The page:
Background: Human bocavirus (HBoV) can be found in a substantial proportion of children with respiratory tract diseases. The relative importance of HBoV in viral respiratory tract illnesses is not yet well known.
Objective: In this study, we looked for HBoV in pediatric patients to determine the incidence of HBoV as single infection and compared it with other commonly found respiratory viruses to describe the clinical differences associated with HBoV infections in children.
Patients and Methods: A prospective study was conducted on children less than 14 years old, admitted with respiratory infection from September 2005 to August 2007 to the Pediatrics Department of the Severo Ochoa Hospital, Madrid, Spain. We studied the frequency of HBoV and 15 other respiratory viruses in nasopharyngeal aspirates and compared the clinical course of the infections caused by HBoV with those caused by other common respiratory viruses.
Results: Positive results were confirmed in 435 (61.2%) of the 710 children studied. A single virus was detected in 308 patients. HBoV was found in 99 (13.9%) samples, but it was recovered as a single virus in only 35. Most of patients with HBoV infection (75%) were aged ≤26 months. The most common clinical diagnosis was recurrent wheezing (53%), followed by bronchiolitis (32%). Clinical differences were observed between HBoV and respiratory syncytial virus (RSV) infections (children were older and bronchiolitis less frequent), adenovirus (fever less frequent in HBoV group), and rhinovirus-associated infections (less hypoxia in HBoV group).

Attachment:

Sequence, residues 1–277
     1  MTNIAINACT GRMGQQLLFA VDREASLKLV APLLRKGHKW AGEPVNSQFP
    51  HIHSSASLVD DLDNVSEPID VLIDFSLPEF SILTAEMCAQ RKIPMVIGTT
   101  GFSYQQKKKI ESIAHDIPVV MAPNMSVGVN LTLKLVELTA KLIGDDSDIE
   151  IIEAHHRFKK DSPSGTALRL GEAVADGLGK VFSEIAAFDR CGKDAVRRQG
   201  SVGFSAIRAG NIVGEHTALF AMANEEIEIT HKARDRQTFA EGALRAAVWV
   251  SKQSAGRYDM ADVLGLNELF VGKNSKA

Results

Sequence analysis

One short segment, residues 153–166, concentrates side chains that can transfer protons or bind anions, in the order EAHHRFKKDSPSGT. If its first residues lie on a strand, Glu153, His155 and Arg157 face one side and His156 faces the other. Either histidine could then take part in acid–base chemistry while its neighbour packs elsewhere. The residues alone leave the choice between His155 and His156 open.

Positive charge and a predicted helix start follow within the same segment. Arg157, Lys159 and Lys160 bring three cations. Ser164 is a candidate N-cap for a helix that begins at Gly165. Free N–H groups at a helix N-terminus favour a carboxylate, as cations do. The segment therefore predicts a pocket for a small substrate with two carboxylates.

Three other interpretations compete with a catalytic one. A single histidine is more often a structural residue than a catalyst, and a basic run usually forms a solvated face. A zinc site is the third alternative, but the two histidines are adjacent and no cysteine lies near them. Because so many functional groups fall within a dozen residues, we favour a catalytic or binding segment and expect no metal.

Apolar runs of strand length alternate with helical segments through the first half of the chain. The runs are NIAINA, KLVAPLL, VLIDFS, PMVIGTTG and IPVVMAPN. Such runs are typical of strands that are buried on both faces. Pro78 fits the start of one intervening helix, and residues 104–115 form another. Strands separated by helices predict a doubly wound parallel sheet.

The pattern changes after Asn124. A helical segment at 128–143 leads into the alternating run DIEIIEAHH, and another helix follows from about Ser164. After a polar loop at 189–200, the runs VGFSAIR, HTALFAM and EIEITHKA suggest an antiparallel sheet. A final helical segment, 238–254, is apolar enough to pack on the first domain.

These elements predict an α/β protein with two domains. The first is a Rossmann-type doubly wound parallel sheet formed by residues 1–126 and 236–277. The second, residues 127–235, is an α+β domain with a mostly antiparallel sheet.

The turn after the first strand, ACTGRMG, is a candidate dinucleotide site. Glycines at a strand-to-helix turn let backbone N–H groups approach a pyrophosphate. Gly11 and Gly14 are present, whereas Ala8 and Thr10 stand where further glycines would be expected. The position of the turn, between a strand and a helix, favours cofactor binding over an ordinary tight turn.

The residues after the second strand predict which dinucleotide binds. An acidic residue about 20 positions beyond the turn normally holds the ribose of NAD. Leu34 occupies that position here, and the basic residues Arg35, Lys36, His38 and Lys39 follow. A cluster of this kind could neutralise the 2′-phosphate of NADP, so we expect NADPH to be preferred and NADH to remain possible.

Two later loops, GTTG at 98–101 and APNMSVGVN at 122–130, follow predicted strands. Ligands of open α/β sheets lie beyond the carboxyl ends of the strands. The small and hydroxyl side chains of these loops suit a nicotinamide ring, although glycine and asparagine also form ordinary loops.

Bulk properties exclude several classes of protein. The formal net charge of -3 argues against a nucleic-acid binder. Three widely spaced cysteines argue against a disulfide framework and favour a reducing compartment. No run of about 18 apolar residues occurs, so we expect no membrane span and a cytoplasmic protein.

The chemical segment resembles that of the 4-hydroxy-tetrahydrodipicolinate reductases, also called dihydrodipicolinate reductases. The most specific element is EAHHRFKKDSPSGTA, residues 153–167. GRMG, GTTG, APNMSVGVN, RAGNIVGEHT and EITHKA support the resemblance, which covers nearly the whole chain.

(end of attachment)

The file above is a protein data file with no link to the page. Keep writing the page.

Conclusions: HBoV was the fourth most frequent single virus after RSV, rhinovirus, and adenovirus in children hospitalized because of respiratory infection. It was associated with recurrent wheezing and bronchiolitis showing a different clinical course from other virus in terms of diagnosis, fever, and age.
From the *Pediatrics Department, Severo Ochoa Hospital; and the †Influenza and Respiratory Viruses Laboratory, National Center of Microbiology, Instituto de Salud Carlos III, Madrid, Spain.
Accepted for publication February 5, 2008.
This work was supported by Spanish National Health Institute (ISCIII, Fondo de Investigaciones Sanitarias) grants 98/0310 and PI06/0532.
Address for correspondence: Cristina Calvo, C/Viento 5, 5° A, 28760 Tres Cantos, Madrid, Spain. E-mail: firstname.lastname@example.org.